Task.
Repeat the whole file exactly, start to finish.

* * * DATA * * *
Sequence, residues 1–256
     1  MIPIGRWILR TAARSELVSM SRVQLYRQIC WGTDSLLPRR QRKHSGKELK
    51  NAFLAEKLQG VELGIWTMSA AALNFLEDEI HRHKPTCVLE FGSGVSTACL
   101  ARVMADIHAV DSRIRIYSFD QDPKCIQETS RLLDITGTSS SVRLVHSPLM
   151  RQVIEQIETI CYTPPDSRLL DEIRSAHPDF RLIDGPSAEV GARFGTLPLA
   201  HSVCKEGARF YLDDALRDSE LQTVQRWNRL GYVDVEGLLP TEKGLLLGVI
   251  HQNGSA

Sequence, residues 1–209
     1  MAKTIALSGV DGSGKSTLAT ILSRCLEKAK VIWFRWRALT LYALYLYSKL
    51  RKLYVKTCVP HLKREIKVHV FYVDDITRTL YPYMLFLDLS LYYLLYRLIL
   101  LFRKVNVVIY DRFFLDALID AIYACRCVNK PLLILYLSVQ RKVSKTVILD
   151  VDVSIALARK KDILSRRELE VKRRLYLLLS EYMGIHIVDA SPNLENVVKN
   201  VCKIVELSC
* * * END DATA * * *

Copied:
Sequence, residues 1–256
     1  MIPIGRWILR TAARSELVSM SRVQLYRQIC WGTDSLLPRR QRKHSGKELK
    51  NAFLAEKLQG VELGIWTMSA AALNFLEDEI HRHKPTCVLE FGSGVSTACL
   101  ARVMADIHAV DSRIRIYSFD QDPKCIQETS RLLDITGTSS SVRLVHSPLM
   151  RQVIEQIETI CYTPPDSRLL DEIRSAHPDF RLIDGPSAEV GARFGTLPLA
   201  HSVCKEGARF YLDDALRDSE LQTVQRWNRL GYVDVEGLLP TEKGLLLGVI
   251  HQNGSA

Sequence, residues 1–209
     1  MAKTIALSGV DGSGKSTLAT ILSRCLEKAK VIWFRWRALT LYALYLYSKL
    51  RKLYVKTCVP HLKREIKVHV FYVDDITRTL YPYMLFLDLS LYYLLYRLIL
   101  LFRKVNVVIY DRFFLDALID AIYACRCVNK PLLILYLSVQ RKVSKTVILD
   151  VDVSIALARK KDILSRRELE VKRRLYLLLS EYMGIHIVDA SPNLENVVKN
   201  VCKIVELSC